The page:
Insurance disruptors making waves

Oakville-based start-up launched first robo-advice life insurance platform last week

Insurance disruptors making waves
The life and health insurance industry is constantly searching for ways to make products more accessible for everyday consumers. Countless hours are spent researching why life insurance rates are declining across North America, and education and convenience are two topics that usually come up. People are either confused by insurance policies or put off by the application process, which means foregoing coverage in many cases.

It’s an ongoing issue for the industry but there are clear signs of progress – the rise of simplified issue insurance is clearly reflective of a drive to make insurance easier to purchase.

Enhancing digital capabilities is another priority for the major providers, but that’s a process that takes time. That isn’t the case for the industry’s disruptors, start-ups that are fleet or foot and can change direction much easier than a huge institution like a Manulife or Great-West. Invisor, the robo-advice platform founded in 2014 by Pramod Udiaver and Dan Poole is one such example.

Last week the company launched Invisor TermLife Insurance, the first digital insurance offered by a Canadian robo-advisor. The product will be underwritten by the Teachers Life Insurance Society and has already attracted the attention of the industry giants, reveals Poole.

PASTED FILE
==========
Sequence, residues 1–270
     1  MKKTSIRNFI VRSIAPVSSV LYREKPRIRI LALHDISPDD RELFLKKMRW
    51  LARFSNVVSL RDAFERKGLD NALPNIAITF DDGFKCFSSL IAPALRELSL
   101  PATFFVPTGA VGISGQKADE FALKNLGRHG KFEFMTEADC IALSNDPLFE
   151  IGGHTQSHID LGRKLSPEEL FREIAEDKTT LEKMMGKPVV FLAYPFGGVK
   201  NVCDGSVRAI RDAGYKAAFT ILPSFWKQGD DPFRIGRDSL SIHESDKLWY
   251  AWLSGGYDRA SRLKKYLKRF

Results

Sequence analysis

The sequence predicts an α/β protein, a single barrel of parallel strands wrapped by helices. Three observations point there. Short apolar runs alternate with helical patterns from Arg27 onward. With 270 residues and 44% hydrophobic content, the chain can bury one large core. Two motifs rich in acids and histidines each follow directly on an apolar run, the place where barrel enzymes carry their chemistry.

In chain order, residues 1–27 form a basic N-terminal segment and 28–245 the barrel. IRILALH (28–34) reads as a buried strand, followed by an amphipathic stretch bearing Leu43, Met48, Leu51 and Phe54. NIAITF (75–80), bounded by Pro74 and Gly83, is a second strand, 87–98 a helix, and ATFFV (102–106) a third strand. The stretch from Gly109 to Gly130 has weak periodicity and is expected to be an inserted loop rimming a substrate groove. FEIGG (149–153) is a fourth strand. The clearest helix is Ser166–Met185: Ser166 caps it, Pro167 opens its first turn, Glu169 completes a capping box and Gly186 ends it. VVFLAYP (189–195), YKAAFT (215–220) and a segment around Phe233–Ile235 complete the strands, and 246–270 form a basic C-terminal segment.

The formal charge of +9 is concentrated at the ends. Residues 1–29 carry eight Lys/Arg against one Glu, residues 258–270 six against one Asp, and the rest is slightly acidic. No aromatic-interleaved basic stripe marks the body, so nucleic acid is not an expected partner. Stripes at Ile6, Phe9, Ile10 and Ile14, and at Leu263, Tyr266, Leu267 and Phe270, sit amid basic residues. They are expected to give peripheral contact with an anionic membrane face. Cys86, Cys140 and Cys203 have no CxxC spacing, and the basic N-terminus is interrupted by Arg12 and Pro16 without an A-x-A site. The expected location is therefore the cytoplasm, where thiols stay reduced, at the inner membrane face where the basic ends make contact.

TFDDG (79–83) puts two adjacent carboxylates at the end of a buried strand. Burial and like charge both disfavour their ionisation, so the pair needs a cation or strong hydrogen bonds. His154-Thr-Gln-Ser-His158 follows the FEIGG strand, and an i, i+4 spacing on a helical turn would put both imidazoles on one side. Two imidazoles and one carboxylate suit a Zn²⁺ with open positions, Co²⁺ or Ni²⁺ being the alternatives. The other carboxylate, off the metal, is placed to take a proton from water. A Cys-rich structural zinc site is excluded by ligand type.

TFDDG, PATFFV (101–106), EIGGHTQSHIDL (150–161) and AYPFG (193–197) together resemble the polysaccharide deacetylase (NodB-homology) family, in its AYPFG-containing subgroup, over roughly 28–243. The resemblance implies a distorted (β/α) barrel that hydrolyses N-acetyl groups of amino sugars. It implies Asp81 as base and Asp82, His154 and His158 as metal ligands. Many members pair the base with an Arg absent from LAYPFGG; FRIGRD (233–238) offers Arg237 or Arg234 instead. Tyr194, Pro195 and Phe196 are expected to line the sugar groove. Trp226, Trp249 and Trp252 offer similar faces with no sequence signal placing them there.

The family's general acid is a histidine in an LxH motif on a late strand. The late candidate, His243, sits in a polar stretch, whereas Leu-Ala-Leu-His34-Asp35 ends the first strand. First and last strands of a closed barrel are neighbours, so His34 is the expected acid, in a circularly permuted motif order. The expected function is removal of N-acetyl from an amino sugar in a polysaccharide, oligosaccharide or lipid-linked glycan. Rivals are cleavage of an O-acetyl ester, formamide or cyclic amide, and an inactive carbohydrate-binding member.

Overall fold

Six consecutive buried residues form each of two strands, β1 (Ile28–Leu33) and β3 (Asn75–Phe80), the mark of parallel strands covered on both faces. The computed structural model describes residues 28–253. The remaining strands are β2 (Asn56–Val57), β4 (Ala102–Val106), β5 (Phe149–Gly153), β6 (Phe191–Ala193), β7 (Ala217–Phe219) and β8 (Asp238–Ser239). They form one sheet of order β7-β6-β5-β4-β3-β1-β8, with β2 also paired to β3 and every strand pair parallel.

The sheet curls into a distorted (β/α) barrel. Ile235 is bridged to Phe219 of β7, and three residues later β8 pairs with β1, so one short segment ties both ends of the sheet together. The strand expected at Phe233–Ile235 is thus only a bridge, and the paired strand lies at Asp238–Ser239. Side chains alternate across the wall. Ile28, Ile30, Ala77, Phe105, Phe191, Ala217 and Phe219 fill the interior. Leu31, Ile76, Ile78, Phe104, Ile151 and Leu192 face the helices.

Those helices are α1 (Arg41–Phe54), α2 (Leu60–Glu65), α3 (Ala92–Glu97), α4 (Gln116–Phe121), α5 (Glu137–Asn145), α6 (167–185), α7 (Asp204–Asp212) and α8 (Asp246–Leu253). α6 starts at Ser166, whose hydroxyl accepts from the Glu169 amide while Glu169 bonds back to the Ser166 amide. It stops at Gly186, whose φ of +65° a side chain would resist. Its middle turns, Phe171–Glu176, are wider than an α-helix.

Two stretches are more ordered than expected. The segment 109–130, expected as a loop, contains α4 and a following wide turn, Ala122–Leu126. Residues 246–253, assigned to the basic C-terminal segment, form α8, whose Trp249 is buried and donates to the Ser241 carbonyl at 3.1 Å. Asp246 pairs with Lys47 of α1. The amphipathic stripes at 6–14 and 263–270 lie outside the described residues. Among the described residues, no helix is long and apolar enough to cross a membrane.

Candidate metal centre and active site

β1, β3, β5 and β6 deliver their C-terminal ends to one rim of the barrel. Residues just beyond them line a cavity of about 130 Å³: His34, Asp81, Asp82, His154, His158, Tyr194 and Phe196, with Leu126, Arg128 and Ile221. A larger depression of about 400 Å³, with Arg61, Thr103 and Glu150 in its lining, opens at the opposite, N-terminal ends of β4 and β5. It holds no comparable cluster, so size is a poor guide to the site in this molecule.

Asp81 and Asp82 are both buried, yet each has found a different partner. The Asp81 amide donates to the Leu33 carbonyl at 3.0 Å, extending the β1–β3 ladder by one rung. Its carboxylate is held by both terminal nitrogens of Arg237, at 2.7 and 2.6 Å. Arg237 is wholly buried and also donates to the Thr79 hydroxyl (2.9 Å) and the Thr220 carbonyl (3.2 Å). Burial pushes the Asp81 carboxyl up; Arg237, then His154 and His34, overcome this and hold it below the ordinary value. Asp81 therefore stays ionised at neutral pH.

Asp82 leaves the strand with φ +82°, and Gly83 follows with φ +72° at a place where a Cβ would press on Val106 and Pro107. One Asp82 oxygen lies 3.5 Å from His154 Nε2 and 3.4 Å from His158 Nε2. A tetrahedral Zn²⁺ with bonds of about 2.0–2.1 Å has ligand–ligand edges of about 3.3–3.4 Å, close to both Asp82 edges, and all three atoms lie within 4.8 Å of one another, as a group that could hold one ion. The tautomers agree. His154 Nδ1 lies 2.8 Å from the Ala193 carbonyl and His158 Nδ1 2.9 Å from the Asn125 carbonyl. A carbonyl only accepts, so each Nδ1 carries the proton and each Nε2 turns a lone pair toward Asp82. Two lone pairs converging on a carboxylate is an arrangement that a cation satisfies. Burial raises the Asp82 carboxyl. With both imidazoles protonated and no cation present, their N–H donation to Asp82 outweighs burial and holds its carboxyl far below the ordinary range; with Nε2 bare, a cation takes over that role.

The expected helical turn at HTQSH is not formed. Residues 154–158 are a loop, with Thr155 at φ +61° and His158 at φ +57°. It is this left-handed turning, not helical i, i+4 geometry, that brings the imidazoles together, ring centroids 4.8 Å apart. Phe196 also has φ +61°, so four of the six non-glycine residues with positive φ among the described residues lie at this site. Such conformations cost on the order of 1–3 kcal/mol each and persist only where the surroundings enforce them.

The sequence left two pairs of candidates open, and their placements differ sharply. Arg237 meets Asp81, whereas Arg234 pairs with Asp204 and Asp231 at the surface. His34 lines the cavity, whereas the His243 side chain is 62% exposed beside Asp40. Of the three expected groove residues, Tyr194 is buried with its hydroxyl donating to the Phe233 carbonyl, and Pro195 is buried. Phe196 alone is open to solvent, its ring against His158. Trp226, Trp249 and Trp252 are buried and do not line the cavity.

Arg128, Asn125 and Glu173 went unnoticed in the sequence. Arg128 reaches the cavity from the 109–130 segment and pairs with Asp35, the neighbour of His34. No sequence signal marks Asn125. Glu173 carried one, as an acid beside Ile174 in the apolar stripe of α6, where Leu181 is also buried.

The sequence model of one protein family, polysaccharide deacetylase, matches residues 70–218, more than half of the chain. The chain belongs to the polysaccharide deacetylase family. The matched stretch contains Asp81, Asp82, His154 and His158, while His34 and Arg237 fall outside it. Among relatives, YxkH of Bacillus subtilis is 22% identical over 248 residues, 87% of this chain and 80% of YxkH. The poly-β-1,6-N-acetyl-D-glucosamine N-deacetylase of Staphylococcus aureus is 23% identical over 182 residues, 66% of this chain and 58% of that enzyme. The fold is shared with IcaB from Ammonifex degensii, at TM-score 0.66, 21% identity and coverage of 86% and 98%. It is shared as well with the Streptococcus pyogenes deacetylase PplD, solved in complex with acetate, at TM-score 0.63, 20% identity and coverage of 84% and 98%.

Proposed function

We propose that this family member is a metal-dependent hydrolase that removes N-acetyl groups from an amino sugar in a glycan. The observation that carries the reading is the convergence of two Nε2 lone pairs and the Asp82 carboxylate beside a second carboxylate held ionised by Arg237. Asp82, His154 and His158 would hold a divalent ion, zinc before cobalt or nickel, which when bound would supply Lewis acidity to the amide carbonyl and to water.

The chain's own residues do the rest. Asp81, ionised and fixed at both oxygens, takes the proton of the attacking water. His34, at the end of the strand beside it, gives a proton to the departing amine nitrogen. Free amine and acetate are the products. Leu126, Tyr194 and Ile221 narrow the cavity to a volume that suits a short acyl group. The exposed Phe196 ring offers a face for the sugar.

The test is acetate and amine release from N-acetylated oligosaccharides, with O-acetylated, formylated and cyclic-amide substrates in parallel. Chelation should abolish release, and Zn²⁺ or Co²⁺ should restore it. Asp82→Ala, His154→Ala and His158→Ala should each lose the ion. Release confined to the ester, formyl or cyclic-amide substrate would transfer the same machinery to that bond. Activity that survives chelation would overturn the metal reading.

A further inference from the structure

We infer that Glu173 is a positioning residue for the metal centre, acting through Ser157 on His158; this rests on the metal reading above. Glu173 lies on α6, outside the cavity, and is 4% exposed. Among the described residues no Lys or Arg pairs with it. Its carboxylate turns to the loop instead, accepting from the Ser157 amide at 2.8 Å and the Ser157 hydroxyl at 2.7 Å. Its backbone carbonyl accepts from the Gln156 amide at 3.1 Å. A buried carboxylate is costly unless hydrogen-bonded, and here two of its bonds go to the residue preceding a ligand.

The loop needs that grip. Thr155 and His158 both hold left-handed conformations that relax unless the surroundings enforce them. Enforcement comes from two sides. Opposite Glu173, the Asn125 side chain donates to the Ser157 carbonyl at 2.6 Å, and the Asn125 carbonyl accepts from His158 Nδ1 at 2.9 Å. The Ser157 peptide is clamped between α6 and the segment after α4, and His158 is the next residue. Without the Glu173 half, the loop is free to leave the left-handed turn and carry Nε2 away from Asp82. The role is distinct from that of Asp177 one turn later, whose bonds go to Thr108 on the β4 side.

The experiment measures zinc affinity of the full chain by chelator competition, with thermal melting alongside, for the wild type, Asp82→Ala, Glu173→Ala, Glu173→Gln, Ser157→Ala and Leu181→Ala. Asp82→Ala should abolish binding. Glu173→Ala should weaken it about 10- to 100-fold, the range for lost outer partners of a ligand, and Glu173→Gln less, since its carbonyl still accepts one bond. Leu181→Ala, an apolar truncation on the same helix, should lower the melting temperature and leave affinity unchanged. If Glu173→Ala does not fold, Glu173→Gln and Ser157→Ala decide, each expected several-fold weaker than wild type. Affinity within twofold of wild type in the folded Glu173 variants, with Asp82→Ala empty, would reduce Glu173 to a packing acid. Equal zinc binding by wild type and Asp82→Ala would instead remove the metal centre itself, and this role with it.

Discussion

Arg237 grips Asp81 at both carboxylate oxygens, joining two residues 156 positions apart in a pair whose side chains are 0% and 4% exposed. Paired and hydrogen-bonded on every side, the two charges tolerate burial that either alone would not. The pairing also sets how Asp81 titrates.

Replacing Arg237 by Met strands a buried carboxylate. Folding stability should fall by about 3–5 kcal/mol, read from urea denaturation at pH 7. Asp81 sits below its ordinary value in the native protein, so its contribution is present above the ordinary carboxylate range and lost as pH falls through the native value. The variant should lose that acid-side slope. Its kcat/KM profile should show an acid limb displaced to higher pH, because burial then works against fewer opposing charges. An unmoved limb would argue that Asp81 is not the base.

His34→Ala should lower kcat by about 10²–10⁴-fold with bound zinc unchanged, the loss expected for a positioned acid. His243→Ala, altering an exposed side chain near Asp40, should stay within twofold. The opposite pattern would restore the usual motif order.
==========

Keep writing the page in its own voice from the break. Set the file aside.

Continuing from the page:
“This has piqued their interest for sure,” he says. “We can respond quickly to feedback from clients and partners and make changes in minutes rather than production cycles that take weeks or months. That’s our competitive advantage and we will continue to leverage that and look for partners like the larger insurance companies who would value that.”

The Invisor COO is confident this product will gain traction in the insurance space. The platform offers term-life insurance with coverage from 10 to 40 years, providing face amounts of anywhere up to $500,000. As the application process is carried out online, consumers will also be able to find out if they have been accepted for coverage almost immediately. Such a turnaround is sure to prove attractive to people that were previously put off by a 30-day underwriting process. Another feature is that certain conditions won’t necessarily lead to a rejection, rather there is room to maneuver when it comes to policies.

“One difference with this product is that is offers rated policies,” says Poole. “A lot of online simplified issue policies are either accepted or declined, but Teachers Life will actually underwrite and issue the policy on a rated basis.”

Related stories:
Canadian robo-advisor launches digital life insurance service
Simplified issue platform proving popular across range of products